Derrick Lewis’ last few Octagon performances have been hindered by issues with his back.

“”The Black Beast” comes off a victory over renowned knockout artist Francis Ngannou at UFC 226. The fight was poorly received by the mixed marital arts (MMA) community, despite Lewis’ victory.

Lewis and Ngannou engaged in a lackluster affair that saw little to no action transpire in the 15 minutes they shared inside the Octagon. In the end, the judges awarded Lewis the unanimous decision victory for playing the role of aggressor somewhat. Now “The Black Beast” prepares to make his return on October 6th.

He’ll challenge fellow top-ranked heavyweight Alexander Volkov in the co-main event of UFC 229 on pay-per-view (PPV). Lewis had been complaining about issues with his back for the past several months.

The issue seemed to be a re-occurring pain that would come and go throughout the course of his fight camps. The Houstonian would receive injections prior to fights in order to deal with the pain during the bouts.

Lewis Is Feeling Better

After a recent visit to a doctor who treated the likes of golfing legend Tiger Woods and former NBA star Tracy McGrady, Lewis feels “brand new.” He told MMA Junkie Radio that, after being injected “like 20 times,” he is feeling much better:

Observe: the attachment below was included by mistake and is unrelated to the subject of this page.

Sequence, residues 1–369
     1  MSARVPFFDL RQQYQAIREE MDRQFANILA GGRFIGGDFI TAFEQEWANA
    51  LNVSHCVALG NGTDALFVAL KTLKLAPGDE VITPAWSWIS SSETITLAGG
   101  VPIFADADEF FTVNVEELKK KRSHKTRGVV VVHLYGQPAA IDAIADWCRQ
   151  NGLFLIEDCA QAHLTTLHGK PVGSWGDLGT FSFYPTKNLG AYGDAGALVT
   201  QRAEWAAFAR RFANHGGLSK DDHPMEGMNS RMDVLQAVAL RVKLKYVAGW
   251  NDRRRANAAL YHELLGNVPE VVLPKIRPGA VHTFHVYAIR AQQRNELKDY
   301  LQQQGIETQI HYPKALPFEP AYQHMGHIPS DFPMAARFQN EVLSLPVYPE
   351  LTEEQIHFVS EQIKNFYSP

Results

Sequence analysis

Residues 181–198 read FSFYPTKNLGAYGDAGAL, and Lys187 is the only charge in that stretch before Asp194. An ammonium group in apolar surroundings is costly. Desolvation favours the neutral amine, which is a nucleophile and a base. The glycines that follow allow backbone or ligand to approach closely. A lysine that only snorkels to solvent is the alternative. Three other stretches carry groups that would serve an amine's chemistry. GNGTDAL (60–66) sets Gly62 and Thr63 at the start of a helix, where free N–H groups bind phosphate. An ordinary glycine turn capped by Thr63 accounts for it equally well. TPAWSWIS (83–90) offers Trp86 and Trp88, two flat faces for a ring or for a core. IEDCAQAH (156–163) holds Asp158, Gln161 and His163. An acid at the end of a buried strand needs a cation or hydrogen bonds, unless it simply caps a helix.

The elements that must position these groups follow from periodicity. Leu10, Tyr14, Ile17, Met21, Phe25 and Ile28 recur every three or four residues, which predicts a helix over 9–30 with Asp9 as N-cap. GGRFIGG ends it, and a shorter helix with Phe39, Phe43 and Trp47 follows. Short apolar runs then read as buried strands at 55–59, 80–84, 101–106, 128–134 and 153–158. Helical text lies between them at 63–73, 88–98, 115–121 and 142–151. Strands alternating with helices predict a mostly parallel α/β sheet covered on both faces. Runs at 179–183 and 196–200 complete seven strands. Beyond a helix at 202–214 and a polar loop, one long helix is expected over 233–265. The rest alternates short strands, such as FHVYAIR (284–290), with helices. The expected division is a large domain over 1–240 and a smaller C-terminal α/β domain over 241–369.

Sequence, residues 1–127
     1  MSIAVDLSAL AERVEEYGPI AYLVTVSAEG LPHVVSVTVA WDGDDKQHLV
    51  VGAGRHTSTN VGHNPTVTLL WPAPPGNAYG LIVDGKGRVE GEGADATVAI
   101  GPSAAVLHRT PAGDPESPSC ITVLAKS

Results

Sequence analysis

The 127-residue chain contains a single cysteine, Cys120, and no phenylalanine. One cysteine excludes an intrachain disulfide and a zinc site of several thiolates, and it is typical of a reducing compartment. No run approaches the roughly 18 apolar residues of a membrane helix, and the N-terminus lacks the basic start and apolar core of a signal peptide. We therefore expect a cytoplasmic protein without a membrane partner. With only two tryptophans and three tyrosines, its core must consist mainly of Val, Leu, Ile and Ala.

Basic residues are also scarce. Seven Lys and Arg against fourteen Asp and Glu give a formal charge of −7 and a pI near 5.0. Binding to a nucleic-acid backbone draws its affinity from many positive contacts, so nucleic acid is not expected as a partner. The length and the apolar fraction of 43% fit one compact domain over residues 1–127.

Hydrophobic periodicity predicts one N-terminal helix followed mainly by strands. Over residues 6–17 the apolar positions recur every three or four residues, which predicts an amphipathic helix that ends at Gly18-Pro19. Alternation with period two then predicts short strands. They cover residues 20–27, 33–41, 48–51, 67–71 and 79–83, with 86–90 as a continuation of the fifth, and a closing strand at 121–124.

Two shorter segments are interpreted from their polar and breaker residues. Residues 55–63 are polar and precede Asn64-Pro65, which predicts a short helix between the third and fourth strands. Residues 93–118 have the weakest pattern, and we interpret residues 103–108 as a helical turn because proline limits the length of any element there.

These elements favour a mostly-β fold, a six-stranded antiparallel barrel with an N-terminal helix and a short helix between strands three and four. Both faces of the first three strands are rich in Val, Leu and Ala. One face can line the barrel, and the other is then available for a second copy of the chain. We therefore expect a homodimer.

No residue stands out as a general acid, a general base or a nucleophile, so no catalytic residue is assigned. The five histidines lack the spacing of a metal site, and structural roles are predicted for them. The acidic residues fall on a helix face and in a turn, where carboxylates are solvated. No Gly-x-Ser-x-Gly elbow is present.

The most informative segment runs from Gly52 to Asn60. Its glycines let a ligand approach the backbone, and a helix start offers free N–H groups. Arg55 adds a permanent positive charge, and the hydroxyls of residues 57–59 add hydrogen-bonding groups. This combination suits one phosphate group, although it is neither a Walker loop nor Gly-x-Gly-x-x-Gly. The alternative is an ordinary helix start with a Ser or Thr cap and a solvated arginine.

“I was 100 percent yesterday,” Lewis said. “I was taking it slow the last week, but I really turned it up yesterday, and it was feeling real good.”

Lewis also said had he done this treatment a few years ago, he feels as though he’d already be UFC heavyweight champion. Now Lewis hopes to show fans his true potential inside the cage. A scary thought considering what he has already accomplished while apparently not at 100 percent:

“I feel like if I had done this a couple of years ago, I would have been champion,” Lewis said.

“I believe I would have dominated a lot of my fights. To say I’ve been winning with the type of injury I’ve been dealing with, it’s been a blessing. Now, hopefully the fans really see my potential.”

Lewis also detailed how the treatment has prolonged his ability to train without his back flaring up on him:

“Before, I had to train for a little bit, then rest, because my back would flare up,” he said. “Now, I don’t have to worry about that any more. I can go 15 minutes, or 25 minutes, without it hurting.”

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